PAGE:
Friday, August 27, 2021

“Too Funny for Horror and Too Scary for Comedy” – 40 Years of ‘An American Werewolf in London’

From Greek mythology’s Lycaon to modern-day Michigan Dogman sightings, werewolves and their regional variants have prowled our imagination since time immemorial. While most cultures had their own particular rules and conventions regarding these creatures (the full-moon shtick is actually a relatively recent addition to the lore), the monster that we now know as the werewolf has the rare honor of being popularized by film instead of literature. And if there’s one werewolf story that stands out as the definitive version of the legend, it’s John Landis‘ 1981 classic An American Werewolf in London.

Featuring both laugh-out-loud jokes and spine-chilling scares, with one element never overshadowing the other, Landis somehow managed to craft a flawless horror-comedy that has yet to be topped. With the film celebrating its 40th anniversary this month, I’d like to take this opportunity to discuss how its perfectly balanced comedic elements are precisely what make it such a unique experience.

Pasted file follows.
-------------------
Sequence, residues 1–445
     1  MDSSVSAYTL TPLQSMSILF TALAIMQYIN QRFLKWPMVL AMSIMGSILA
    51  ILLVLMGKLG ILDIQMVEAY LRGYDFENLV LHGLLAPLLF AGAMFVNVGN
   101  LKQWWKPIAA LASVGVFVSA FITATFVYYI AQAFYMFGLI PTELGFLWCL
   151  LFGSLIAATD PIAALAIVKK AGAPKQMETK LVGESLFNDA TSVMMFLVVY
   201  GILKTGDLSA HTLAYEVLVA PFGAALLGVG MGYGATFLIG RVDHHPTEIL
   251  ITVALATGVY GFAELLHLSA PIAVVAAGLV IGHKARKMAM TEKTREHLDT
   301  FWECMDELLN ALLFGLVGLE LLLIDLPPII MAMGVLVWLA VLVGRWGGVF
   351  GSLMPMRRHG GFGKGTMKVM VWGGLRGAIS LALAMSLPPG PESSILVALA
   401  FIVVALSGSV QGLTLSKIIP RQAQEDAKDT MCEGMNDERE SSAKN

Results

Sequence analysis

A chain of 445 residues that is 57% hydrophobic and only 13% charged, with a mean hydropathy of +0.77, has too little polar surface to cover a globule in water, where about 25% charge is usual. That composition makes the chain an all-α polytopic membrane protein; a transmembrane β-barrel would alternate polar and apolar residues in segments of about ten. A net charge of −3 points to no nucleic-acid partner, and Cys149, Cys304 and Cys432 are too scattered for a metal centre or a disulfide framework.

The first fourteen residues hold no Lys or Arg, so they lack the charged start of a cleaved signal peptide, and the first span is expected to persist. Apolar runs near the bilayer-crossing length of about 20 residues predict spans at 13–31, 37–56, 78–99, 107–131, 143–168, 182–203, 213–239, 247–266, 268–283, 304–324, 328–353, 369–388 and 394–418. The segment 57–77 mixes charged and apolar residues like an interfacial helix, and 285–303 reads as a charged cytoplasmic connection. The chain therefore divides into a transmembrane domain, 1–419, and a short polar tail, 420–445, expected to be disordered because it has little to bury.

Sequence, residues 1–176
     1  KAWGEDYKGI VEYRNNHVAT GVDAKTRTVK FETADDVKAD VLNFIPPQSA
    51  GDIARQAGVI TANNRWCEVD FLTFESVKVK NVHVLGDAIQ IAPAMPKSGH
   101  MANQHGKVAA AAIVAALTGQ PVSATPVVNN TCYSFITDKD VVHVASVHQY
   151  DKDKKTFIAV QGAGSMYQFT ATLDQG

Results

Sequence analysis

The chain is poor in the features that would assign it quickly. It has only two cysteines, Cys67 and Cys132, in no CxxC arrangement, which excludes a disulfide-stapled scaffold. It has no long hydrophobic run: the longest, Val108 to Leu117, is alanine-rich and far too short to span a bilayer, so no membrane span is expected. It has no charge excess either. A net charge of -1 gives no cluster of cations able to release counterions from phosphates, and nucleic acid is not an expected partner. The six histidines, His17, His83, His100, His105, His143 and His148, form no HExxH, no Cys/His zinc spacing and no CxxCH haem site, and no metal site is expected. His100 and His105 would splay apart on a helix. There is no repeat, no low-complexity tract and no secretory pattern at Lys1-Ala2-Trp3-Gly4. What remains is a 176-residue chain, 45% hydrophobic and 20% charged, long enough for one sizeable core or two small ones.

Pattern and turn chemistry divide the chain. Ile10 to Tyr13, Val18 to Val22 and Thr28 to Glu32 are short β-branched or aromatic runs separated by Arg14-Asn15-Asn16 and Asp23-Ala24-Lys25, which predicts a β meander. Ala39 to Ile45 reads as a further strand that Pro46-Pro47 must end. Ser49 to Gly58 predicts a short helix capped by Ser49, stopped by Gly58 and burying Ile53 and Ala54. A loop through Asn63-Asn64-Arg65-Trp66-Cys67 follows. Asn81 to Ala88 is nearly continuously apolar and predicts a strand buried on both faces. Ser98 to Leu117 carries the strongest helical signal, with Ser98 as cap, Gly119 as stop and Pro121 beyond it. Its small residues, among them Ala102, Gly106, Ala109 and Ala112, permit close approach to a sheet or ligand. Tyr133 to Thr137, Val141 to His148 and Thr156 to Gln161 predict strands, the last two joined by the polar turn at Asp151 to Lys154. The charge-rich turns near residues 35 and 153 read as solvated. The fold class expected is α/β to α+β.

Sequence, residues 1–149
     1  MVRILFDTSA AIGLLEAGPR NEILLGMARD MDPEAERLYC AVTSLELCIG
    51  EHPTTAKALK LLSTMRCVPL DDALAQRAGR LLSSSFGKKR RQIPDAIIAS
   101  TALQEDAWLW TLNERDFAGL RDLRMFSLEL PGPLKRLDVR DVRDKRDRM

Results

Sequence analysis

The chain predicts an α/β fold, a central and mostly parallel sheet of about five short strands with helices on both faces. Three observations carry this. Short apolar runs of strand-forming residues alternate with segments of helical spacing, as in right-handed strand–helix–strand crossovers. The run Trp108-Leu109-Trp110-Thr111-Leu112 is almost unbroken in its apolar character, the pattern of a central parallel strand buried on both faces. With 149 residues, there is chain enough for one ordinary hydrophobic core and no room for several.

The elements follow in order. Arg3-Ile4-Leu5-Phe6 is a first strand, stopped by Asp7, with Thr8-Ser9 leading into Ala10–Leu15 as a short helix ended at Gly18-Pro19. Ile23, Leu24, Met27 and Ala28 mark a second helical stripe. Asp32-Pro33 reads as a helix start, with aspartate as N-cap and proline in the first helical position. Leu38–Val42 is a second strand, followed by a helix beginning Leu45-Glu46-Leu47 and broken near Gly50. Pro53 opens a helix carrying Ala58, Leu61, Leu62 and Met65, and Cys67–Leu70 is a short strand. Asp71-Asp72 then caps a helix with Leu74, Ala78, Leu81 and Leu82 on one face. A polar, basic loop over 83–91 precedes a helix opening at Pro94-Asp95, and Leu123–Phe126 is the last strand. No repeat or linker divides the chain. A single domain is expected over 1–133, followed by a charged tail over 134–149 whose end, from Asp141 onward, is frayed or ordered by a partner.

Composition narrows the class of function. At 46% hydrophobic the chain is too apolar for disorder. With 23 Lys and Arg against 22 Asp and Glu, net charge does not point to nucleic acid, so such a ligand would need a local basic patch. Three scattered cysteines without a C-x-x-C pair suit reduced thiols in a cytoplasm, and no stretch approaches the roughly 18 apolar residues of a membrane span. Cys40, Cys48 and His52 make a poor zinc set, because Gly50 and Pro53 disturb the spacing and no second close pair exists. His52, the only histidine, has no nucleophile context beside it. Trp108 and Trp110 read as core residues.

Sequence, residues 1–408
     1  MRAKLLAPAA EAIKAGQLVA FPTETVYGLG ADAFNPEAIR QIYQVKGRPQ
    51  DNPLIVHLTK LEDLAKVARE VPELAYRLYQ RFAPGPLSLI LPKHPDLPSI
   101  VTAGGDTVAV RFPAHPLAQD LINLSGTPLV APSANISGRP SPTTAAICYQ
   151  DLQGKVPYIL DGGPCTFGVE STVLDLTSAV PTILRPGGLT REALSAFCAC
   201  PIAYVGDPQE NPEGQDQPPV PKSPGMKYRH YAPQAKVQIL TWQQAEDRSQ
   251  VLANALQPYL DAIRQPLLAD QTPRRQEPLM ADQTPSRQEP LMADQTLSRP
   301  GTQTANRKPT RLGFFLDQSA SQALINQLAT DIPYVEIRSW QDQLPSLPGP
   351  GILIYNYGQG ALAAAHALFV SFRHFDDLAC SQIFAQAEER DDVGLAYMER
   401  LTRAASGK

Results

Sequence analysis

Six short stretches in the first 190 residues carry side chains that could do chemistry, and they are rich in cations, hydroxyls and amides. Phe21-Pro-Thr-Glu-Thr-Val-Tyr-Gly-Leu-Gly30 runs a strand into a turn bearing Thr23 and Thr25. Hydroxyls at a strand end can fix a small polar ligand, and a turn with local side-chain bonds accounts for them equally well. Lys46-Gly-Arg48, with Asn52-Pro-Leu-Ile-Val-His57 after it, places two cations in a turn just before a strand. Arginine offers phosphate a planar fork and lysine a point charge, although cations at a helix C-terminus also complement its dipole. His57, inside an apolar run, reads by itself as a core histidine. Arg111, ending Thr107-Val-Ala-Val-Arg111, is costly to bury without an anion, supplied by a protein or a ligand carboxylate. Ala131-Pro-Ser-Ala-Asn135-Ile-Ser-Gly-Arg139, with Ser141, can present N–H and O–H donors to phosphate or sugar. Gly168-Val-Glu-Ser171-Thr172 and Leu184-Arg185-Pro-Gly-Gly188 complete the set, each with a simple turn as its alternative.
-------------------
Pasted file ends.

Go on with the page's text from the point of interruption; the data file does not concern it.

Presented like the illegitimate lovechild of a classic folk tale and an 80s sex comedy, An American Werewolf in London tells the story of David Kessler (David Naughton), a young Jewish man from New York backpacking through England with his best friend Jack Goodman (Griffin Dunne). Unfortunately, the duo is attacked by a mysterious creature after stepping foot in the dreaded Yorkshire moors, with Jack being killed and David becoming destined to transform into a savage monster himself. Sympathizing with this lonely stranger in a strange land, Nurse Alex Price (Jenny Agutter) invites him to stay with her in London as police sort things out, leading to a doomed romance as the full moon inevitably approaches.

“Two Americans walk into a British bar. A horror movie ensues.”